We humans often don’t allow animals to be themselves and to do what nature intends them to do. And we damned sure have plenty of difficulty in figuring out what nature intends for ourselves. Too often we live by the mores, expectations and exigencies of others who have our well-being and our happiness very far from the centre of their concerns. Or else they have a very fucked-up idea of what well-being consists of.

Each of us has to transform ourselves, and then assist others who are looking for help in transforming themselves, looking to find their own Way, their own Tao. It’s hard work, and very often impossible without a helping hand or two. Ox-herding is far from easy. Even just finding the Ox or the Tao can be next to impossible. Realizing the impossibility of possessing the Ox, or completely determining your own life, can be an impossible task in itself. Understanding that life, the Ox, will of its own accord offer you the benefit of its limitless power and its unstinting support if it so chooses - ah yes . . . that’s another matter entirely. We all need to meditate on that and to remind ourselves of that on a regular basis.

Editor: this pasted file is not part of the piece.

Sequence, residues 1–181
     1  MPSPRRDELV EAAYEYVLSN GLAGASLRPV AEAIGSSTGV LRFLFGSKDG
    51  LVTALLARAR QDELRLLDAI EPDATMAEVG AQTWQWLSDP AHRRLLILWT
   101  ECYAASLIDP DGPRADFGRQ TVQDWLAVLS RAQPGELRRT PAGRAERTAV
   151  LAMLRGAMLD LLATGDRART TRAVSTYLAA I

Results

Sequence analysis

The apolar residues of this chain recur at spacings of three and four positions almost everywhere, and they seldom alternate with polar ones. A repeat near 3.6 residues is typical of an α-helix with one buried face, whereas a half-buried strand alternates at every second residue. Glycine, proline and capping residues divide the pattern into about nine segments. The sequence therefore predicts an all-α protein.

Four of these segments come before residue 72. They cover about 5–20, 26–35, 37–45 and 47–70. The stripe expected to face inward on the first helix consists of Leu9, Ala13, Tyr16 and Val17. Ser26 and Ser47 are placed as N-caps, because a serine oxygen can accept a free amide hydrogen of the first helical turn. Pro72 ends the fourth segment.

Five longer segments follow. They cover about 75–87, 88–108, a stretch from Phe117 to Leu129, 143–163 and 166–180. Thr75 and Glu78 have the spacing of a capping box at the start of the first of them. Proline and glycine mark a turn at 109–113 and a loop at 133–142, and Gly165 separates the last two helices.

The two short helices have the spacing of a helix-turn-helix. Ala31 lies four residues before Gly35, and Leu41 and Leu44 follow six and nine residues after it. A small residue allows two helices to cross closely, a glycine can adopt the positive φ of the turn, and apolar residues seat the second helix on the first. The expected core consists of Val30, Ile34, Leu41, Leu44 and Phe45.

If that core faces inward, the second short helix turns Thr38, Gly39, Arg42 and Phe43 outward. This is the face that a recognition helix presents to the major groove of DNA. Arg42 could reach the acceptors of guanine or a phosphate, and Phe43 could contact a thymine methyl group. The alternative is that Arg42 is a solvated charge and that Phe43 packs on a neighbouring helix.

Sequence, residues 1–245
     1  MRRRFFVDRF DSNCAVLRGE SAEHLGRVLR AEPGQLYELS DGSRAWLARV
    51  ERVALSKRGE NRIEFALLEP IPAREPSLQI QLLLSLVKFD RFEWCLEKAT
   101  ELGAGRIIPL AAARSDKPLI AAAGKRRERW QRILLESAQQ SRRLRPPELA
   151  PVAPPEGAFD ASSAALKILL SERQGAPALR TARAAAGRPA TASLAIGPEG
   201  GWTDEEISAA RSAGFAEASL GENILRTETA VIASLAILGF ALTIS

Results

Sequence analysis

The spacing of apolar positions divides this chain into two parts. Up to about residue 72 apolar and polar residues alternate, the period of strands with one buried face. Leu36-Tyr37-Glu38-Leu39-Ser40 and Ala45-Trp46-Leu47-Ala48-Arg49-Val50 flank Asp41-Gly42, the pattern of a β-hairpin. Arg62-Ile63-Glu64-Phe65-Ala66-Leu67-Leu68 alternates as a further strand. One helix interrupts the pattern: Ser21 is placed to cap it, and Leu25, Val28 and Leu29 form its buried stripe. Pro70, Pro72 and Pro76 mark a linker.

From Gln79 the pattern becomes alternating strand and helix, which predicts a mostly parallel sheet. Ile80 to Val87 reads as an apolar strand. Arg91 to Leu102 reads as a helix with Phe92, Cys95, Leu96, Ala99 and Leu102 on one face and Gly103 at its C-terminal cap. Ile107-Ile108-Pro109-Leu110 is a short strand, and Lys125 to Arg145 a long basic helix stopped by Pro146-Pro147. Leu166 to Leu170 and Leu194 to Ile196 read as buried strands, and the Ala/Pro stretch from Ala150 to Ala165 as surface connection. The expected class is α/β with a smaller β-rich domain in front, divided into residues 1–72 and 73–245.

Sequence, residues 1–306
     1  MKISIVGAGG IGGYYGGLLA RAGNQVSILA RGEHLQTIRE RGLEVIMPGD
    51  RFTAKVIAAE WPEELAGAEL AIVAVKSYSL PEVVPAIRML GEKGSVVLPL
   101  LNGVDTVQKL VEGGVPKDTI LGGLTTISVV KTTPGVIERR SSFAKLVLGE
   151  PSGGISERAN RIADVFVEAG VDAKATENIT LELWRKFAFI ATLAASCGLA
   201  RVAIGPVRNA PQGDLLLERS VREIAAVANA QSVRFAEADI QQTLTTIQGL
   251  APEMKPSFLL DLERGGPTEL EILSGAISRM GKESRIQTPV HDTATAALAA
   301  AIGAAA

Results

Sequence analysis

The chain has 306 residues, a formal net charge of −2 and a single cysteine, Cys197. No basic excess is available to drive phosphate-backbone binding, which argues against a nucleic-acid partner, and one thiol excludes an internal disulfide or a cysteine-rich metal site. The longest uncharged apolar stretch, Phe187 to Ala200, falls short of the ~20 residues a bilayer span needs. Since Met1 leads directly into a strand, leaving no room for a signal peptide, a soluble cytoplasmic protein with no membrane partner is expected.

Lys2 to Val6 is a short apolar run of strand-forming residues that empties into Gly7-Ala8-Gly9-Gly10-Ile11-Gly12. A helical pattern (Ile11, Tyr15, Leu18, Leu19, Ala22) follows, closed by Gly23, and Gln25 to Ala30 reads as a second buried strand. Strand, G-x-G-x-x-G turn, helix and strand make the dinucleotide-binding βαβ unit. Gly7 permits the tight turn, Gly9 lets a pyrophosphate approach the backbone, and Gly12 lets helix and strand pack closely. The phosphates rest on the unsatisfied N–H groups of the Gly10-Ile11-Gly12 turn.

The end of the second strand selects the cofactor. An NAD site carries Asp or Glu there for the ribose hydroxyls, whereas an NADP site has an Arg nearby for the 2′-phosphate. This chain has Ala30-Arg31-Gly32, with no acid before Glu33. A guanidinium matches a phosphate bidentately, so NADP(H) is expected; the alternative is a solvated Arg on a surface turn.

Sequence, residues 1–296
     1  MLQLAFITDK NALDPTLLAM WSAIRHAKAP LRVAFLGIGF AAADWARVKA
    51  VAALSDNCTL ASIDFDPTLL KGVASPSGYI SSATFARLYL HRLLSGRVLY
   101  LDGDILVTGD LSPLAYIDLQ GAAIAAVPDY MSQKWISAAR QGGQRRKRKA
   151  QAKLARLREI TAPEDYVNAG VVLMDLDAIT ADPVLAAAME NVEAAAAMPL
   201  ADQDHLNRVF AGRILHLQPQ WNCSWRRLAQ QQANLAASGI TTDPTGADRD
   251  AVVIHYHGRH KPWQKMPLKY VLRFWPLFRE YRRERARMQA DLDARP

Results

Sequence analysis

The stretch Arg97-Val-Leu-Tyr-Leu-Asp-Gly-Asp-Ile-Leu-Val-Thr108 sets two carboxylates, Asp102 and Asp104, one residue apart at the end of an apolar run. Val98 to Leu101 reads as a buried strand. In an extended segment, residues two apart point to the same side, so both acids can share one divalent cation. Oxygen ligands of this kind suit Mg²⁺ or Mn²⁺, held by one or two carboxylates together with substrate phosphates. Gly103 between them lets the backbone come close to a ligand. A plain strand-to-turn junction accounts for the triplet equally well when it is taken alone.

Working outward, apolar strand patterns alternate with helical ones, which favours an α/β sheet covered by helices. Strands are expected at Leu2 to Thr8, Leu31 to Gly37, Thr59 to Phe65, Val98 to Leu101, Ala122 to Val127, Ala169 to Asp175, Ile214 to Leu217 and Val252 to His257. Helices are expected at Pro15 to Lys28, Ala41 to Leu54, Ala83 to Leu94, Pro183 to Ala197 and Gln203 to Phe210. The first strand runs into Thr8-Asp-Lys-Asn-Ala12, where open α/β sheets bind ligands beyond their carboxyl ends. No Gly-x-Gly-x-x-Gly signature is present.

It’s like Kahlil Gibran’s ‘Prophet’ says,
“Think not that you can direct the course of love, for love, if it finds you worthy, directs your course.”

Maybe he could as well have said, “Think not that you can direct the course of life, for life . . .”

The issue is all about being worthy. And that’s all about being true to your true nature: finding your true nature, and being true to yourself. I'm pretty sure this is the Way of Zen.



History was made in the early hours of this morning, London time, when Barack Obama made a stirring speech and claimed victory in the race to become the Democratic nominee for president of the United States of America. It was a thrill to see the speech in real time, in full. Wonderful!

Read the full text and see a video of part of the speech here:

1 comment:

  1. We had an Obama speech party over at our flat last night and there were tears and pandemonium.

    It's hard to believe, but I am starting to feel proud to be an American for the first time in a very long time. Thx so much for the comments - anytime you feel like tooting Obama's horn, come on over to my page! :)